We packed the rucksack
with more than tissues and water.
Tied our boots, checked the laces.
On the way up
we stopped looking at our watches,
let time surround us.
But at lunchtime
I worried that if I sat down
I wouldn't get up.
Where we were going seemed so far.
The sun diluted and dipping
threatened to leave our muscles cold.
We did not really speak
as we ate our separate lunches.
Mine seemed bland and I didn’t ask about yours.
I only sipped my water
as I studied the path ahead;
narrowing and bending,
hiding its end from us.
If we went where we were headed
we might not get back.
I couldn't tell if we were yet
halfway to our halfway.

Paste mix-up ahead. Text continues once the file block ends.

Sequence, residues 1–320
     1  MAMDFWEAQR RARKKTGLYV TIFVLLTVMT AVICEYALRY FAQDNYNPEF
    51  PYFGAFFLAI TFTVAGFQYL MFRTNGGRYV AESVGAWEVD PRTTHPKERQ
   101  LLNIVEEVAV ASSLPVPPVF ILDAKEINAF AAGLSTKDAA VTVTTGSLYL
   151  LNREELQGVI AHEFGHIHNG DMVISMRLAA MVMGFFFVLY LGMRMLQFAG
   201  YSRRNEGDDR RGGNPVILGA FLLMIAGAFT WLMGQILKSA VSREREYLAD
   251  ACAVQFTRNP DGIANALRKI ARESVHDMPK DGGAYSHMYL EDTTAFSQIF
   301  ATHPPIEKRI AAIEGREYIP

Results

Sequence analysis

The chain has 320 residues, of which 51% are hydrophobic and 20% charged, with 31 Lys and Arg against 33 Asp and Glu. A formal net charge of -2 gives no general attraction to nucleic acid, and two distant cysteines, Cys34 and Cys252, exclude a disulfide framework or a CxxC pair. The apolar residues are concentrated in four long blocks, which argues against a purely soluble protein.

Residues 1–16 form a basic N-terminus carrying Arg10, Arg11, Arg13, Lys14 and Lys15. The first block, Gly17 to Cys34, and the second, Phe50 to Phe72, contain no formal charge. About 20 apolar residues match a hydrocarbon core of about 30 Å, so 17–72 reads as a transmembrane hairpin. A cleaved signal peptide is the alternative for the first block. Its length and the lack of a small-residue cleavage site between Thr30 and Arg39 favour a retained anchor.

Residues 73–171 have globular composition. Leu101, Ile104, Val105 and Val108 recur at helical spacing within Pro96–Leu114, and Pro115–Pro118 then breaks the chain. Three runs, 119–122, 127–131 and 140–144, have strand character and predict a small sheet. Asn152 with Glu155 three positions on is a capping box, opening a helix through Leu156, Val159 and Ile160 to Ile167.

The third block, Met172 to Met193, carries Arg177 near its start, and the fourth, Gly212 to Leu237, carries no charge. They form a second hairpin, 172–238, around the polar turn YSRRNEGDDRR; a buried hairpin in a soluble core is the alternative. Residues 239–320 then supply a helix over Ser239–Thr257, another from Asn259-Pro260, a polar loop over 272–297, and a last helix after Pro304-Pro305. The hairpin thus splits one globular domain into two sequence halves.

I wanted to read your mind,
were you for giving up?
I wanted to ask you,
If we turn back, will we ever come here again?
Sue Finch was born in Kent. She now lives with her wife in North Wales and enjoys exploring the coast. Her first published poem appeared in A New Manchester Alphabet in 2015 whilst studying for her MA with Manchester Metropolitan University. Her work has also appeared in The Interpreter’s House, Ink, Sweat and Tears, Poetry Bus Magazine and in Crossings Over, an anthology published by Chester University Press. Having a number of poems in the real world makes her smile. You can follow Sue on Twitter to find out more about her work: @soopoftheday